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What we can expect from the economy in 2023


Last year's economy was, well, weird. Inflation hit a 40-year high. Interest rates surged. Stocks plunged. Crypto crashed. Yet the job market remained strong. Let's ask David Wessel what to expect in the new year. He's a senior fellow in economic studies and director of the Hutchins Center at the Brookings Institution.

David, good morning.

DAVID WESSEL: Good morning.

SCHMITZ: One of the biggest economic stories of 2022, David, was the Federal Reserve's war on inflation. Is this a war the Fed can win this year?

WESSEL: So I think the honest answer is, maybe. The Fed has raised interest rates very fast, took its key rate from 0 to 4.25% this year. And it says it's going to keep raising interest rates, albeit at a slower pace, until it's convinced that inflation is headed back down towards its 2% goal. Now, some of the forces that had been pushing prices up are abating. The cost of shipping containers across the Pacific is down. Used car prices have fallen for five months in a row. Home prices are starting to come down. And that's going to pull down the headline inflation rate, but probably not all the way to the Fed's 2% goal.

So Jay Powell, the Fed chair, says he's going to keep raising interest rates. He's focused on the pace of wage increases, which he says are simply rising too fast to be consistent with the Fed hitting its inflation target. And he's basically saying, we're going to keep squeezing the economy, holding interest rates at a higher level until the job market weakens and unemployment rises enough that employers don't have to give such big raises to retain workers and the inflation dragon is slain.

SCHMITZ: You mentioned higher unemployment being a consequence of this. What does that say about the risk of recession in the new year?

WESSEL: Well, it means there's a pretty big risk. Look, the Fed is saying, we want to slow the economy. They have said in their public forecast that they expect the unemployment rate, now at a historically low 3.7%, declined by nearly one full percentage point in 2023. That works out to 14 million more workers looking for jobs. Now, whether that means a recession, a shrinking economy, it's hard to say. It's going to feel like one for those workers and their families. There are forecasters who think the Fed can pull this off, can cool the labor market, bring down inflation without triggering a recession. But most of them expect one in 2023.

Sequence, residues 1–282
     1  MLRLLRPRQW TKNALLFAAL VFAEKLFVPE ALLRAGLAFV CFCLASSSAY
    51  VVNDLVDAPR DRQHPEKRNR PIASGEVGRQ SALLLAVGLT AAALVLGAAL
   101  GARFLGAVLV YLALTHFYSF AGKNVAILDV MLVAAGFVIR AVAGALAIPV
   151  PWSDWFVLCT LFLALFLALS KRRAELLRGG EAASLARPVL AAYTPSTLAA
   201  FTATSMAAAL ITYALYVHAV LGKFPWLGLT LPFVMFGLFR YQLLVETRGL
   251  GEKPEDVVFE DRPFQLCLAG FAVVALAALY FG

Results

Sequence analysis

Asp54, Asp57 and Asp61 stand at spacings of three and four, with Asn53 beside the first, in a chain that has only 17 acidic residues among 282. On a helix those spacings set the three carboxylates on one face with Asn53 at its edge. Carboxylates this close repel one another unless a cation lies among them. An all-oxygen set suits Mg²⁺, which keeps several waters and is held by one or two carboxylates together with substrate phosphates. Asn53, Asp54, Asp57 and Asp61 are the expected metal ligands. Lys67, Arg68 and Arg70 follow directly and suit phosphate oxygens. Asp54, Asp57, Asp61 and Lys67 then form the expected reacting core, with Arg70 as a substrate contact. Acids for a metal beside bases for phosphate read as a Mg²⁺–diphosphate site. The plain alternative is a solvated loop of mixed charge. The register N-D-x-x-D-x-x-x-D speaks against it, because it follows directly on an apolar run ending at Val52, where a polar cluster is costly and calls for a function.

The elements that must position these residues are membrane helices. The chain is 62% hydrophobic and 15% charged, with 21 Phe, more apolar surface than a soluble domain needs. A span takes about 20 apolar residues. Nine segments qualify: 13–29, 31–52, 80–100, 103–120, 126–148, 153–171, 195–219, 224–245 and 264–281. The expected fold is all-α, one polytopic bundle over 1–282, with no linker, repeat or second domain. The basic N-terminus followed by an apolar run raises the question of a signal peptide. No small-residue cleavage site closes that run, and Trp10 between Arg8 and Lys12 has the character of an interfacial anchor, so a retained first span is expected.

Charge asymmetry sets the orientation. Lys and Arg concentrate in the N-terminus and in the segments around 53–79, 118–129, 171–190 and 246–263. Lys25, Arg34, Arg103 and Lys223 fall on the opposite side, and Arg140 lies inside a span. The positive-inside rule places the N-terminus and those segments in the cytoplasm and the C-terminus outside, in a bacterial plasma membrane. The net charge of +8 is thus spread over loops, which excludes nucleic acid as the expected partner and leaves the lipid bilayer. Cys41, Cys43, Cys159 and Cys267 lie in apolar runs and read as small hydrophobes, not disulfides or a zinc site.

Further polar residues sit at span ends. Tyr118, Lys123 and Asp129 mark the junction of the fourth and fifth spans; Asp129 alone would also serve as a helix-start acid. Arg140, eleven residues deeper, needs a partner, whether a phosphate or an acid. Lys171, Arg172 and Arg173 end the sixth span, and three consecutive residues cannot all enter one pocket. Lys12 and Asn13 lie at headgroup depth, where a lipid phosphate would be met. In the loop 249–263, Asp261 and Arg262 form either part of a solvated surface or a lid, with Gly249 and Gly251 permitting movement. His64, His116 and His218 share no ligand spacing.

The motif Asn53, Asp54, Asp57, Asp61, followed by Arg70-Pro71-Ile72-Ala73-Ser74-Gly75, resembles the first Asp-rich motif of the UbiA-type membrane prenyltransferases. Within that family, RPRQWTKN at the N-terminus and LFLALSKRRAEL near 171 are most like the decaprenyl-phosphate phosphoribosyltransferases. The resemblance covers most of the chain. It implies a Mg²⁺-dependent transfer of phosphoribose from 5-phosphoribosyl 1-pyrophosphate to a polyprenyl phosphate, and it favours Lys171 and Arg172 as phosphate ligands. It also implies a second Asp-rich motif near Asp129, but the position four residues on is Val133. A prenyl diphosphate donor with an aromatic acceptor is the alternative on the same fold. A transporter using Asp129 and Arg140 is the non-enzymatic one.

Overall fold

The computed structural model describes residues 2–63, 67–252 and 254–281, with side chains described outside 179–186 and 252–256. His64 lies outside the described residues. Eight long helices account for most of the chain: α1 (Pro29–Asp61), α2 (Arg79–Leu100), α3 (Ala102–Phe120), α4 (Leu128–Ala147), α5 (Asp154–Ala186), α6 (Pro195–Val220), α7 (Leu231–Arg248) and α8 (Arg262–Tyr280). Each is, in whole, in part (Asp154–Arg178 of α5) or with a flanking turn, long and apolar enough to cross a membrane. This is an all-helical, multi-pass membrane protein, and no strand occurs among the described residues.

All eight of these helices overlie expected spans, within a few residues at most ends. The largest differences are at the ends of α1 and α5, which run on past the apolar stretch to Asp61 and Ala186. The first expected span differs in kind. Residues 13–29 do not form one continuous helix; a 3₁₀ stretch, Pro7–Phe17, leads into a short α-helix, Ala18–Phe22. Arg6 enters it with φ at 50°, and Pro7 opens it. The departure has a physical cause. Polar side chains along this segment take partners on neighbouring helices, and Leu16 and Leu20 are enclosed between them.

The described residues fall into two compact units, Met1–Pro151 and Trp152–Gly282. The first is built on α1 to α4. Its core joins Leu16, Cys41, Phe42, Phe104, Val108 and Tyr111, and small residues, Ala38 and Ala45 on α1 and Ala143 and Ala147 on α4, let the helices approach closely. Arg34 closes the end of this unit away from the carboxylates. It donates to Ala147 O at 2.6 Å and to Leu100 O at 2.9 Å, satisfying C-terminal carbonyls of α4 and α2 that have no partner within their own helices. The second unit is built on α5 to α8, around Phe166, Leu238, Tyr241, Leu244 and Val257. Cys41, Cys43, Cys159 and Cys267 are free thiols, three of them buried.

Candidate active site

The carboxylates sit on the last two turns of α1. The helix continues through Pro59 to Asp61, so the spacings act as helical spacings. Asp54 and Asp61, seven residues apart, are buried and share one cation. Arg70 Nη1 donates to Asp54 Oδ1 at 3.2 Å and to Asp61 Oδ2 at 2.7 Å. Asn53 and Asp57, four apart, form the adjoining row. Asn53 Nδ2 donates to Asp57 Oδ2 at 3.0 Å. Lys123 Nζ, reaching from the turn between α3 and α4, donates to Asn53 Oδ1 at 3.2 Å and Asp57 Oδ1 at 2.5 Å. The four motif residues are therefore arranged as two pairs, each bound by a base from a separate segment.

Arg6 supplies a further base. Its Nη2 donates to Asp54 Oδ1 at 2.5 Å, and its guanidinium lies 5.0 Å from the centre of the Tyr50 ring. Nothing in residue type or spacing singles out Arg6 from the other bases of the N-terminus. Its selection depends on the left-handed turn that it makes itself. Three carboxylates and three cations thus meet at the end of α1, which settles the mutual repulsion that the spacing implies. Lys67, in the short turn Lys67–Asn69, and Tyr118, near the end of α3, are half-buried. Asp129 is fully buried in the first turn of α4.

SCHMITZ: David, a lot has been said about the COVID-related changes in the workplace. I'm talking about, you know, working from home, quiet quitting, early retirement, these sorts of things. Will these trends continue in 2023?

WESSEL: It's a really good question and hard to answer. how much of what happened during COVID is temporary, and we're going to go back to the way things were before, and how much has permanently changed? With so many work - employers complaining about labor shortages, workers have been able to insist on all sorts of flexibility about working from home. But I think if there's more workers looking for jobs, more unemployment, the balance of power may shift towards employers, and it may be that they're less willing to be flexible.

It certainly looks like a lot of people - a lot of office workers - will be working from home at least a couple of days a week. And that really has really negative implications for mass transit systems, for commercial real estate downtown, for the people who sell sandwiches to workers. Meanwhile, there are an awful lot of people still on the sidelines of the labor market, not even looking for work, a lot more than before the pandemic.

So among older workers, the decline in worker - in labor force participation is among the over-70 crowd, not really early retirement. But the fraction of men between 25 and 54, mostly too old to be in school and too young to retire, has been declining for years, took a big plunge during the pandemic. It's been creeping up, but it's still far short of the pre-pandemic level.

SCHMITZ: That's David Wessel. He's the director of the Hutchins Center at the Brookings Institution.

David, thank you.

WESSEL: You're welcome. Transcript provided by NPR, Copyright NPR.

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